Bioethicists who equate hearing and the ability to use spoken language thus seem to assume the validity of the deductive syllogism that because (Premise 1a) hearing is a means to acquire and master a spoken language; and (Premise 2a) cochlear implants are a means to obtain hearing, then (the conclusion is that) cochlear implants are a means to a spoken language. There is no flaw in the logic here, so formally the conclusion is ‘true’. The problem is that the premises are slightly oversimplified. Empiric realities are probably more along the line that (1b) normal hearing is one usual prerequisite for the acquisition and use of a spoken language; and (2b) cochlear implants are a means to obtain some hearing after a period of habilitation. No clear conclusion can be drawn, however, from these latter premises. They tell us something general about hearing and something about implanted children's hearing ability, but absolutely nothing about implanted children's capacity for language.
From the perspective of means and ends it is, however, quite reasonable to demand that language development and the ability to use language should be regarded as more epistemologically significant than hearing enhancement. In analytical terms, a cure or treatment serves as a means to an end, but this end can be perceived as more than the mere healing of an organ. For example, if I am treated for a fractured arm, the treatment serves as means not only to relieve me of my pain, but more importantly to obtain the use of my arm again as my arm in turn serves me as a means to a range of ultimate ends. Parallel to this example, the restoration of hearing by means of cochlear implants in itself hardly suffices as an end. The end of implantation should be the things hearing enables a person to do. To hear is undeniably useful in many ways, but in the context of paediatric cochlear implantation the end must above all be regarded as: (1) the acquisition of a language as well as ultimately; and (2) the ability to use this language successfully.
It comes as no surprise that most of the empirical outcome research on implants implicitly, and sometimes explicitly (Wie 2005), shares the view on the first demand (1) and regards spoken language acquisition as the end of implantation. What is surprising is that much of the clinically conducted empirical outcome research generally fails to distinguish epistemologically and methodically between hearing ability, ability to pick up and utter words or sentences and the ability to use language. In a major review study on outcome research published in 2005, Thoutenhoofd et al. (2005) commented on this lack of distinction:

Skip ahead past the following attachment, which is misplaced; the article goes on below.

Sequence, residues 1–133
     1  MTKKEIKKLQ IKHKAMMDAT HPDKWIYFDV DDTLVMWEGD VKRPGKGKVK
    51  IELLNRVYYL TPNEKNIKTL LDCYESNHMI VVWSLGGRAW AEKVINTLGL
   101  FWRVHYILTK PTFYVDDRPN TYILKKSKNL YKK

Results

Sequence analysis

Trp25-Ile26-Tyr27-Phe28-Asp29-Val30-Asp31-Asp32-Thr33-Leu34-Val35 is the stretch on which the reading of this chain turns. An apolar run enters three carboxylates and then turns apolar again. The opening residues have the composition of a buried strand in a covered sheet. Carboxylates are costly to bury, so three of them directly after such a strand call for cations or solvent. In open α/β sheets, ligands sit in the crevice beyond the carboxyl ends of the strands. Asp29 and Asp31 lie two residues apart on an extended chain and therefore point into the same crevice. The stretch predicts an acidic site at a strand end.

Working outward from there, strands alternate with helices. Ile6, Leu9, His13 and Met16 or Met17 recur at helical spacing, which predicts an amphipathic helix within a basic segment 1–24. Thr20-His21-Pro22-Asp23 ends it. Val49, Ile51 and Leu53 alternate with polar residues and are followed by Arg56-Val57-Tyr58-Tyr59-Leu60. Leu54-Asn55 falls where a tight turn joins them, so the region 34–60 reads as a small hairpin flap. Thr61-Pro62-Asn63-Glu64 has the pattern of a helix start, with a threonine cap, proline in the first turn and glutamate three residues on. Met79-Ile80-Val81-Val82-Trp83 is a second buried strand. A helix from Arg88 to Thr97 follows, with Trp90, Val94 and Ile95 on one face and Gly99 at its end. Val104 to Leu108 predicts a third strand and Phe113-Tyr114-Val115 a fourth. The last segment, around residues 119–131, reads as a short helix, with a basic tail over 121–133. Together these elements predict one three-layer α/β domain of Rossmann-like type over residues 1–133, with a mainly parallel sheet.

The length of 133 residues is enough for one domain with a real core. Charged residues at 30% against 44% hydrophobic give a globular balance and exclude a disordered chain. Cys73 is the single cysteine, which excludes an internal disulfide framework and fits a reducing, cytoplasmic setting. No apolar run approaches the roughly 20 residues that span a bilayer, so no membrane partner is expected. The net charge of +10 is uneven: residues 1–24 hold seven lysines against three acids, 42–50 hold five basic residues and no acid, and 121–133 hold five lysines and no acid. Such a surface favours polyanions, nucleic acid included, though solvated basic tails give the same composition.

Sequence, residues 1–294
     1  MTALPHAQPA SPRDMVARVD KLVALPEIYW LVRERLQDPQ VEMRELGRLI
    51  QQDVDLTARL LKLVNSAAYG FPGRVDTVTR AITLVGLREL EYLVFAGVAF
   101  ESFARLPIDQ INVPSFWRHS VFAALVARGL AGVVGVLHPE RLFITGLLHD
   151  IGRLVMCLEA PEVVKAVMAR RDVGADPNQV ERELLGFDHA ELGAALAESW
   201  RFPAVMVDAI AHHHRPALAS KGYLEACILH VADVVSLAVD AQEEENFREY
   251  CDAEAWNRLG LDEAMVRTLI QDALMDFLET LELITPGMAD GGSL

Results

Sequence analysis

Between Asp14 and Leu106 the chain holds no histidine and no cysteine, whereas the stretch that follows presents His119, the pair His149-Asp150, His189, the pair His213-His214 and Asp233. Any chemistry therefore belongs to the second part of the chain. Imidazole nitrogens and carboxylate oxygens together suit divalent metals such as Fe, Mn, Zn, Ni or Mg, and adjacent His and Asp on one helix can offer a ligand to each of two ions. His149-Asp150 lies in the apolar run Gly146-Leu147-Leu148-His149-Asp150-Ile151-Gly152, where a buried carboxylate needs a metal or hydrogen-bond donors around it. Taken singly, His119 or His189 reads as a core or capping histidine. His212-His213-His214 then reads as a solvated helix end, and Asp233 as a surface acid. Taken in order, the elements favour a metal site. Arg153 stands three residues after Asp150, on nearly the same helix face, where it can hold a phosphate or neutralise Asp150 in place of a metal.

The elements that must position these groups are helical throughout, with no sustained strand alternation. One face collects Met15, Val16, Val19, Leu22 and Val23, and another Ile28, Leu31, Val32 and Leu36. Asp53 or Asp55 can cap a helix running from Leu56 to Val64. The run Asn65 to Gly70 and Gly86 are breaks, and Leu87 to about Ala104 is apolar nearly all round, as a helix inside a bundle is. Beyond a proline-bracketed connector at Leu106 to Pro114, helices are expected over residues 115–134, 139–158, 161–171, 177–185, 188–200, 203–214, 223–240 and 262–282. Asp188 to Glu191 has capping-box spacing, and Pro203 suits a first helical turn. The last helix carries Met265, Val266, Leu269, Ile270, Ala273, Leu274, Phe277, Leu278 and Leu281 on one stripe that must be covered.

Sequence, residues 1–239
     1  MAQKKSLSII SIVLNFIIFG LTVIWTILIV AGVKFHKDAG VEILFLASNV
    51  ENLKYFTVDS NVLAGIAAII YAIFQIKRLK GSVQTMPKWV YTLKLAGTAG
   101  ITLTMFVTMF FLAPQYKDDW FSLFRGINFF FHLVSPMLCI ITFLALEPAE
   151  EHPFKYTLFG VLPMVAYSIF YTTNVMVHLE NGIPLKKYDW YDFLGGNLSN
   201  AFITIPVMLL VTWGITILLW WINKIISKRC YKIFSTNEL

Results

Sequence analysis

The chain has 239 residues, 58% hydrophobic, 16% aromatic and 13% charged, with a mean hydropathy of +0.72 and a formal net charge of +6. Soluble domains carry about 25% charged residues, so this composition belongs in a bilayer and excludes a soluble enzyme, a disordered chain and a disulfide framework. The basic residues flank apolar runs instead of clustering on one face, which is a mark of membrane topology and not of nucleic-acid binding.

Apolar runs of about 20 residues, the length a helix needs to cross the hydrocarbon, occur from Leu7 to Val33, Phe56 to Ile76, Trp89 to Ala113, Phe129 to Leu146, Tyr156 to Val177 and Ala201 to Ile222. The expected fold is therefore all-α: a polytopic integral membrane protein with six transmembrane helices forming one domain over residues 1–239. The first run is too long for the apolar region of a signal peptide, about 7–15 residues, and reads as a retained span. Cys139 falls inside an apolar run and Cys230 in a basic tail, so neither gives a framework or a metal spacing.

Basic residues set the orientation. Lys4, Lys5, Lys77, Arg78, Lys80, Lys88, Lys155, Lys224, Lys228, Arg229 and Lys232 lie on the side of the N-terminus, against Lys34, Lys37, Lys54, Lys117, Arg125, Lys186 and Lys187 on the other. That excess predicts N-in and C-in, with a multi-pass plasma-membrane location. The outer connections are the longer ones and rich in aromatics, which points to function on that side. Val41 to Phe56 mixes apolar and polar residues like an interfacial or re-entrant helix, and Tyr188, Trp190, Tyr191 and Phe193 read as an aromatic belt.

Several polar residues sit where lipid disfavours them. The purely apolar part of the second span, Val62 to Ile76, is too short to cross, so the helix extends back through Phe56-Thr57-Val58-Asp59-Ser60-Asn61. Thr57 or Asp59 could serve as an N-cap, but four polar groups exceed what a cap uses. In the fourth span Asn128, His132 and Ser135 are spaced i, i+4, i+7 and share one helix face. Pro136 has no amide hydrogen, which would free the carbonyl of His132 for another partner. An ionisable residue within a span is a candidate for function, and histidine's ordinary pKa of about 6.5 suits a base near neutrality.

It is not necessarily wrong that the ability to pick up and utter a spoken word or sentences in a controlled environmental setting involves a capacity for language, but as it is often unclear whether it is the child's hearing ability, the child's, for example, lexical or grammatical skills or some other lingual capacity which is tested in these studies, the results have limited value. Nevertheless, in some studies on how implanted children perform in speech perception and speech production tests, which arguably mostly measure their hearing, the results are interpreted also as documentation of general language development (Wie 2005; Richter et al. 2002; Geers 2004; Tomblin, Barker, and Hubbs 2007). This might leave the erroneous impression that clinically conducted outcome studies can fully assess the implanted children's ability to use language in their daily lives.
Very few studies attempt to assess the child's ability to perceive and produce spoken language in their day-to-day lives, after implantation, rather than in clinical tests. (Thoutenhoofd et al. 2005)
During the process of habilitation, it might be difficult to make any practical distinction between learning to hear and starting to acquire and use a spoken language as the child is stimulated with speech. This might explain – though not excuse – the common failure to make the aforementioned distinctions, but the question remains of whether research can accept the equation of these different ends without reservations. It could well be argued that many outcome researchers apply the same oversimplified syllogistic understanding of the relation between hearing and spoken language as the bioethicists described above.
A bioethical discourse focusing on the prelingual deaf child who is fitted with cochlear implants should thus concentrate on the lingual aspects of implantation, and such a discourse would gain in terms of relevance and accuracy if the partakers had a clearer understanding of how implanted children use language in their daily lives. As this latter empirical question is still largely unanswered, and because a large proportion of clinical outcome research mixes different questions involving both pathology and language, new empirical research specifically designed to investigate implanted children's lingual capacities (and not their hearing) could provide results which would constitute important epistemological premises for future bioethical discussions.